- VICTORIA LODGE: President, Mrs. Minnie S. Carr; Secretary, George Sydney Carr, 33 Government St., Victoria, B.C.

- WINNIPEG LODGE: Secretary, P.H. Stokes, Suite 7, 149 Langside Street, Winnipeg, Man.



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THE CANADIAN THEOSOPHIST

- The Organ of the Theosophical Society in Canada

- Published on the 15th of every month.


[[Seal here]]


- Editor - Albert E.S. Smythe.

- Entered at Hamilton General Post Office as Second-class matter.

- Subscription: Two Dollars a Year

OFFICERS OF THE T.S. IN CANADA

GENERAL EXECUTIVE

Albert Smythe, 5 Rockwood Place, Hamilton. Ont.

Dudley W. Barr, 52 Isabella St., Toronto, Ont.

Washington E. Wilks, 925 Georgia St. W., Vancouver, B.C.

Felix A. Belcher, 250 Lisgar St., Toronto, Ont.

David B. Thomas, 64 Strathearn Ave., Montreal West, Que.

George I. Kinman, 46 Rawlinson Avenue, Toronto, Ont.

Emory P. Wood, 12207 Stony Plain Road, Edmonton, Alta.


GENERAL SECRETARY

Lt.-Col E.L. Thomson, D.S.O., 54 Isabella St., Toronto, Ont.

To whom all payments should be made, and all official communications addressed

-

Editor, The Canadian Theosophist

Albert E.S. Smythe, 5 Rockwood Place, Hamilton, Ont., To whom all letters to the Editor, articles and reports for publication should be sent.

-

Printed by the Griffin & Richmond Printing Co., Ltd., 29 Rebecca Street, Hamilton, Ontario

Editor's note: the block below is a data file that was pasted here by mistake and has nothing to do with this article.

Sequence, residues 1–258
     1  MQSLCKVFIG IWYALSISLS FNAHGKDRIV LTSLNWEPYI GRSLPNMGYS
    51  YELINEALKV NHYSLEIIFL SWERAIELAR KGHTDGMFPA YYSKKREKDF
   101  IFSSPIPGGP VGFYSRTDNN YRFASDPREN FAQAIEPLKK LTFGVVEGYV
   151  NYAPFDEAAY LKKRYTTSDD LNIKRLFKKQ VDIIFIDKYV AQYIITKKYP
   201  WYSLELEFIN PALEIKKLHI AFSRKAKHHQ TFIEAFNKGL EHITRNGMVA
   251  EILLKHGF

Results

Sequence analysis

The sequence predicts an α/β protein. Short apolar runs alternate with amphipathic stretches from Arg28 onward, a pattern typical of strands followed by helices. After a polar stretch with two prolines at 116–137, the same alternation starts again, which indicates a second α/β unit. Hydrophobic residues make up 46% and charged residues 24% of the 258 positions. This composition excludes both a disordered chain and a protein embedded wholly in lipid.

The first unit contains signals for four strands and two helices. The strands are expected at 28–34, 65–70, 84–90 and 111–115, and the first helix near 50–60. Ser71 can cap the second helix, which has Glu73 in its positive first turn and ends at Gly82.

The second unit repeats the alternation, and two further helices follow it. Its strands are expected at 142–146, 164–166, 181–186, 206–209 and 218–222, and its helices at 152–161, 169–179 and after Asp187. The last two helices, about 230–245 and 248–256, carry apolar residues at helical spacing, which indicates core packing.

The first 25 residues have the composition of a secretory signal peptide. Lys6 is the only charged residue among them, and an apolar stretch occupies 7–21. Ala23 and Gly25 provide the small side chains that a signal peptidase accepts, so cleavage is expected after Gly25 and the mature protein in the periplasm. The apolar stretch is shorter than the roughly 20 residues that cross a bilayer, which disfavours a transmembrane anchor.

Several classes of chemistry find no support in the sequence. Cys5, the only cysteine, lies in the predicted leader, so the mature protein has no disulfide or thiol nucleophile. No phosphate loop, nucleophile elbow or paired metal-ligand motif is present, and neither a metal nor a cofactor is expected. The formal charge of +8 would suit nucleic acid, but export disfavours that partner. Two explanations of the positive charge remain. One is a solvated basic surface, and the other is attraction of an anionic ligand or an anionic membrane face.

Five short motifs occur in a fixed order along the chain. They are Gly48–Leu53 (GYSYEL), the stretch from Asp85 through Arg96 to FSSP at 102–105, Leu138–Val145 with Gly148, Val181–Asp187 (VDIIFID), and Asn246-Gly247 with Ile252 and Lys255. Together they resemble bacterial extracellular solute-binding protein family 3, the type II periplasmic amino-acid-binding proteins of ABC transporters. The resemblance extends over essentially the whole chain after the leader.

OFFICE NOTES

Members of the T.S. in Canada who do not receive their magazine this month should ascertain whether their annual dues of $2.50 have been sent to the General Secretary since July 1st.

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Mr. and Mrs. T.W. McConnell Davis and their infant son Brian, have arrived in Victoria, B.C., where Mr. Davis has been appointed chemical analyst in the Bureau of Mines, Parliament Buildings.


Many enquiries come to us about our Constitution. It is printed in the first number of The Canadian Theosophist. Those Lodges which have Volume I in their libraries can consult it there. We gave away scores of copies but no effort appears to have been made to preserve them. It has not been reprinted, in expectation of a revision.


The Council of the London Theosophical Federation in London, England, have announced a great Public Meeting at the Kingsway Hall, on Thursday evening at seven, October 25, on the subject of Reincarnatoin. The speakers named are Air Chief Marshal the Rt. Hon. Lord Dowding, G.C.B., G.C.V.O., K.C.B., C.M.G.; Professor Emile Marcault, M.A. (Paris), LL.B., and Mrs. Betsan Coats. Admission will be free and there will be no collection.


We are very pleased to hear from liberated Norway once again, free not merely in government, but as Mr. Nielsen's letter indicates, free in mind and spirit. We hope all the liberated nations of Europe will realize that political freedom is of little avail lacking freedom of mind, judgment and aspiration. We are glad also to receive the first freed issue of the French sec-tional magazine, as of old from 4 Square Rapp, Paris.


"Whose service is perfect freedom...." This is not applicable to Adyar Theosophists who are nearer the reading - Whose duty is perfect servitude." Mr. Cook forbade members in the U.S. to join the Canadian jurisdiction. We think members should be allowed to affiliate wherever they pleased and Canadian members are at liberty to join U.S. Lodges if they think they can better themselves and are made welcome. It is a mistake to pen the sheep. "My sheep hear my Voice and follow me."


The election of a fifth president of the Adyar Theosophical Society appears likely to be by acclamation like the second, when on the resignation of Col. Olcott, William Q. Judge was unanimously elected president. He continued in office for three months until he suc-